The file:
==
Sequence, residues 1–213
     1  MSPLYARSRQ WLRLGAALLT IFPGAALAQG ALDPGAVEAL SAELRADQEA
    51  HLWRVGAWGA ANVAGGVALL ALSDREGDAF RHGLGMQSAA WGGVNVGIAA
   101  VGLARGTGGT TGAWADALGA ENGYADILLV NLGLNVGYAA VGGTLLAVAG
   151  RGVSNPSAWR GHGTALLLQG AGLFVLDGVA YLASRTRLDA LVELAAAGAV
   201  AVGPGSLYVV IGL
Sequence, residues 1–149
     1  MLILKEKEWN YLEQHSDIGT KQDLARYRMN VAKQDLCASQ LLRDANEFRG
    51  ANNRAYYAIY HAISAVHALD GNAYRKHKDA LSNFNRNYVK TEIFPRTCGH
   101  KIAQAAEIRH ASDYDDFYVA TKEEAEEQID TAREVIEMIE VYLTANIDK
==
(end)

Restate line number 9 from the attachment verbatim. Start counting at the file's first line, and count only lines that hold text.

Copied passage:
    51  ANNRAYYAIY HAISAVHALD GNAYRKHKDA LSNFNRNYVK TEIFPRTCGH